Founded by two women who grew up eating in traditional Chinese kitchens, where the belief is 'food is medicine,' Ritual Meals is a national meal delivery service on a mission to nourish women after birth. The postpartum period is their focus, with dishes meant to support physical recovery, hormonal balance, as well as a new mother’s milk supply. A robust menu, centered around easy-to-heat comfort dishes, includes: coconut cream of mushroom and chicken, featuring a melange of seasonal adaptogenic mushrooms (great for balancing estrogen and progesterone); banana pancakes with macadamia crunch, made from almond, coconut flour and bananas (high in fat, the good kind); and warming beet ginger coconut soup, which blends every part of the beet with antioxidant-rich cumin, and features a healthy dose of fat and protein with cashews and tender braised pork shoulder. With weekly subscriptions or one-time deliveries on offer, it's a great gift for new mothers.
New York City's Jocelyn Sheff is a certified ayurvedic health counselor and personal chef who believes that postpartum women are as vulnerable as their newborn babies. “Mothers deserve to be swaddled in the coziest environment, and given warm food,” she says, comparing a woman’s belly to a fire that needs kindling. That’s why her offerings, which are seasonal and designed for each client’s unique constitution, consist of locally-sourced foods that help soothe the nervous system while boosting digestion. Think oatmeal and porridge made with coconut milk; fennel and fenugreek teas for lactation support; spiced and pungent bone broths—“it’s baby steps for the first ten days,” she says, after which she’ll slowly incorporate shredded meat like brisket or short ribs and root vegetables, such as carrots, parsnips, or sweet potatoes. Her services range from virtual consultations to recipe booklets to in-home care for the third trimester and postpartum period.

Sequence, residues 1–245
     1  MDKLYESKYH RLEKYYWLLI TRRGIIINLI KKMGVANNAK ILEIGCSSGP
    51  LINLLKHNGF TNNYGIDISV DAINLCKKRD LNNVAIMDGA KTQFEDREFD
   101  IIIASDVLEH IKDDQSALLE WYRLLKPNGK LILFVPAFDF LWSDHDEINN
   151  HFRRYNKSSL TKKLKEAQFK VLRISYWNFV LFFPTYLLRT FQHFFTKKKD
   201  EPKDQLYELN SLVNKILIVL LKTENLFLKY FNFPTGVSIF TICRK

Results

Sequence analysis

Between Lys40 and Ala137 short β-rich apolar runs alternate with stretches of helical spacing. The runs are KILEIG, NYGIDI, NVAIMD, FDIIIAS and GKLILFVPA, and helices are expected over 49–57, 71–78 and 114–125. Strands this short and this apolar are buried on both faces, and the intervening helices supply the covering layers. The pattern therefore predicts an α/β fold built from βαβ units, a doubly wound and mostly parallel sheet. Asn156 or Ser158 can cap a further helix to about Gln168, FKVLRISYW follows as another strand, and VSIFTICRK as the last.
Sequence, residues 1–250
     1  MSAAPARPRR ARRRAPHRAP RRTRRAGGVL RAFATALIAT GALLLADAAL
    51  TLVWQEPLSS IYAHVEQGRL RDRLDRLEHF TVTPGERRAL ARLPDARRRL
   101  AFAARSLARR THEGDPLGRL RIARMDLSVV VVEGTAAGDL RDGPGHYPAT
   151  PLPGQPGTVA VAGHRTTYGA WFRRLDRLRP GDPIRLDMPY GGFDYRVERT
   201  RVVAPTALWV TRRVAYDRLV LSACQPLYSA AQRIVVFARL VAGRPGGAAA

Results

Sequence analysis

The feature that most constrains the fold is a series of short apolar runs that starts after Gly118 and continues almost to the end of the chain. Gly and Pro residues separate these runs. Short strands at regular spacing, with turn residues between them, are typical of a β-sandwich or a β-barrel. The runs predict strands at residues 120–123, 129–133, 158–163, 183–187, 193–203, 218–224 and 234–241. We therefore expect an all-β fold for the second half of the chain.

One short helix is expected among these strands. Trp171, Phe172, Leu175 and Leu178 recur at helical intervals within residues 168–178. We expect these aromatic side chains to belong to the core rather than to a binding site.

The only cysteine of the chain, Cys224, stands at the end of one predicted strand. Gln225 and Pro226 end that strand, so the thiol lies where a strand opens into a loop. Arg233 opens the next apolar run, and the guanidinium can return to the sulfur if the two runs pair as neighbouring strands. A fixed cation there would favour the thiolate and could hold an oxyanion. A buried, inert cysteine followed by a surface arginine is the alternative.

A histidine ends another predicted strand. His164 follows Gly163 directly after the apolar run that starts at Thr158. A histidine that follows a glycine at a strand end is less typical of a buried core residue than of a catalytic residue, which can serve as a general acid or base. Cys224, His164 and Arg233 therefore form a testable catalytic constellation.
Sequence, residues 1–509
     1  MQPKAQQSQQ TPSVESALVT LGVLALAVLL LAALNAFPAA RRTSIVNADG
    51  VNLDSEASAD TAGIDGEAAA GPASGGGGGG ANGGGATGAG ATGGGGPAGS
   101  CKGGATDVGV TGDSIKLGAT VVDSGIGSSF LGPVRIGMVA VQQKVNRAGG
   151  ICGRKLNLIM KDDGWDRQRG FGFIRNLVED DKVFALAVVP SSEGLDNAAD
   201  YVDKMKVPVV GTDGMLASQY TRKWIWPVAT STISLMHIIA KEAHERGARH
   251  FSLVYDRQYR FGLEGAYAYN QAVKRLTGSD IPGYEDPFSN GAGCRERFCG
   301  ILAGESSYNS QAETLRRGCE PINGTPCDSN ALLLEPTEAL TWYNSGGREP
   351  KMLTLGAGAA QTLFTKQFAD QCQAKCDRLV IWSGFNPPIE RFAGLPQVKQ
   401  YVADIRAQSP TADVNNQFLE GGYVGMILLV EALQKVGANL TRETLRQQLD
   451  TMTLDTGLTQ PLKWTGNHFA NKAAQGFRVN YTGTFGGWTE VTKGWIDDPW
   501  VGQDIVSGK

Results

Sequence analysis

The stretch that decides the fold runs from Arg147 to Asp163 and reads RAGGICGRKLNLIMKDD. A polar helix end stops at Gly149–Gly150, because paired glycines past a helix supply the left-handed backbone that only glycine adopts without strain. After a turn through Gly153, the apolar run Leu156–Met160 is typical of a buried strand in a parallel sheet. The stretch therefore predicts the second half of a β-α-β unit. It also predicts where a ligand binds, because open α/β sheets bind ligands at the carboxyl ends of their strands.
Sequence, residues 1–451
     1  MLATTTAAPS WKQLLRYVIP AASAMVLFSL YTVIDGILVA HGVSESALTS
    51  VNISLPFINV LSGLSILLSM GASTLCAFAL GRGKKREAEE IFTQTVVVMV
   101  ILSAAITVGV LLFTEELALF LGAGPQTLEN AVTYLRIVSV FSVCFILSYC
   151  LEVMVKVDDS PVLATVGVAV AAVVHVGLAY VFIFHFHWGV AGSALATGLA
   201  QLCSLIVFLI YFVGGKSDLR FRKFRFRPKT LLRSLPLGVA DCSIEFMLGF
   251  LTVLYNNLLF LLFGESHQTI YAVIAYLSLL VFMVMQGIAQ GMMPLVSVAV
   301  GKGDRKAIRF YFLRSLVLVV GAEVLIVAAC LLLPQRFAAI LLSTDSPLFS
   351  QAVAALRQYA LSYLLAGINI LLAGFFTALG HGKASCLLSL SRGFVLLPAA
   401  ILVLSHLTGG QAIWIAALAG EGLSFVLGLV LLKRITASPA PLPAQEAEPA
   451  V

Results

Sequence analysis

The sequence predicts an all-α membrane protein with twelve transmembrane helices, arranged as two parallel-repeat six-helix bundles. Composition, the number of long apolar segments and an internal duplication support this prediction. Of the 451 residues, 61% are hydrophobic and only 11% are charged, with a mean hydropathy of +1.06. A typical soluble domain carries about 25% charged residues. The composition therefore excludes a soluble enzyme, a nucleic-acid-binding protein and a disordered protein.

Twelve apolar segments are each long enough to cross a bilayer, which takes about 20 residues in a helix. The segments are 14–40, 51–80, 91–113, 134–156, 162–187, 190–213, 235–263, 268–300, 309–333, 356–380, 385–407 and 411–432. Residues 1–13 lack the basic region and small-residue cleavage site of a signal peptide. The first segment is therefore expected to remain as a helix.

For best-selling author Heng Ou (“The First 40 Days” and “Awakening Fertility”), MotherBees is more than a L.A.-based meal service that delivers herbal foods, supplements, teas, broths and recipes with roots in traditional Chinese medicine. “Food is the medium; underneath it, we are empowering a woman to voice herself and her needs as she transitions from womanhood to motherhood.” A pantry stocked with collagen and mineral rich bone broths, warm porridges, enhanced kefir water and organic jujube fruit—the latter of which is loaded with antioxidants and vitamin C, and said to boost digestion while soothing anxiety—allows a new mother time to heal and bond with her baby. In Ou’s culture, it’s part of a wellness tradition performed by the grandmother or aunt called zuo yuezi, which means “the sitting month,” and it’s offered to all mothers.
For mothers without close relatives nearby—or with other little people to feed by 5 o’clock—the recently launched Ipsa Provisions delivers organic meals that are made fresh on site and arrive to your door frozen. Co-founded by a chef at Gramercy Tavern and the former brand director at Blue Apron, the restaurant-worthy meals aren’t exactly geared towards new or expecting mothers, but one look at the menu and you’ll see all the necessary ingredients are there: sichuan pork noodle soup, made with pasture-raised pork shoulder, Chinese vegetables, and Sichuan peppercorns; curried kabocha soup, which features Malaysian curry powder and organic heirloom squash in a coconut chile peanut broth; and beef and kimchi stew, comprised of grass-fed brisket, local bok choy in a kimchi broth. You may never cook again—really.